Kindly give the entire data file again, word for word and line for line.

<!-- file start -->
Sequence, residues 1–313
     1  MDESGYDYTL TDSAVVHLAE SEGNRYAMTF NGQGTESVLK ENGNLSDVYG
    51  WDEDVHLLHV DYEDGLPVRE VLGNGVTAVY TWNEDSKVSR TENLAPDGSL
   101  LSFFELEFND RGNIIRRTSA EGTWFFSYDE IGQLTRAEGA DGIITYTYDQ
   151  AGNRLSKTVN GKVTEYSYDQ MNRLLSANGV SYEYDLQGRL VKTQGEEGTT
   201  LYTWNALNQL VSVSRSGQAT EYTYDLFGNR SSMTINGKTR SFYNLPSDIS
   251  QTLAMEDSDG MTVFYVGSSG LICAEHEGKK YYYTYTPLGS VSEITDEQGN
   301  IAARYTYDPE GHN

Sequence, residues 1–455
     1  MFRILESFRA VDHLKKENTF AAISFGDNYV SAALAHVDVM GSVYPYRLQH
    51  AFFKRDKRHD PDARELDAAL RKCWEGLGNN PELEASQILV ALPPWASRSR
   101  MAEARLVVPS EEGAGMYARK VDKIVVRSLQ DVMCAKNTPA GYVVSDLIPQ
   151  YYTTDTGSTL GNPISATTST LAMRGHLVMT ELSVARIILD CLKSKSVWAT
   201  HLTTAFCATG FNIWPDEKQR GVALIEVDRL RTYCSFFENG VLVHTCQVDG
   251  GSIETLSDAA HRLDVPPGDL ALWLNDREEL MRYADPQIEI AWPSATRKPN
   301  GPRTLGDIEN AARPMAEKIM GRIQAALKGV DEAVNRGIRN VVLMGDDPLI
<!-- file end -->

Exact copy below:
Sequence, residues 1–313
     1  MDESGYDYTL TDSAVVHLAE SEGNRYAMTF NGQGTESVLK ENGNLSDVYG
    51  WDEDVHLLHV DYEDGLPVRE VLGNGVTAVY TWNEDSKVSR TENLAPDGSL
   101  LSFFELEFND RGNIIRRTSA EGTWFFSYDE IGQLTRAEGA DGIITYTYDQ
   151  AGNRLSKTVN GKVTEYSYDQ MNRLLSANGV SYEYDLQGRL VKTQGEEGTT
   201  LYTWNALNQL VSVSRSGQAT EYTYDLFGNR SSMTINGKTR SFYNLPSDIS
   251  QTLAMEDSDG MTVFYVGSSG LICAEHEGKK YYYTYTPLGS VSEITDEQGN
   301  IAARYTYDPE GHN

Sequence, residues 1–455
     1  MFRILESFRA VDHLKKENTF AAISFGDNYV SAALAHVDVM GSVYPYRLQH
    51  AFFKRDKRHD PDARELDAAL RKCWEGLGNN PELEASQILV ALPPWASRSR
   101  MAEARLVVPS EEGAGMYARK VDKIVVRSLQ DVMCAKNTPA GYVVSDLIPQ
   151  YYTTDTGSTL GNPISATTST LAMRGHLVMT ELSVARIILD CLKSKSVWAT
   201  HLTTAFCATG FNIWPDEKQR GVALIEVDRL RTYCSFFENG VLVHTCQVDG
   251  GSIETLSDAA HRLDVPPGDL ALWLNDREEL MRYADPQIEI AWPSATRKPN
   301  GPRTLGDIEN AARPMAEKIM GRIQAALKGV DEAVNRGIRN VVLMGDDPLI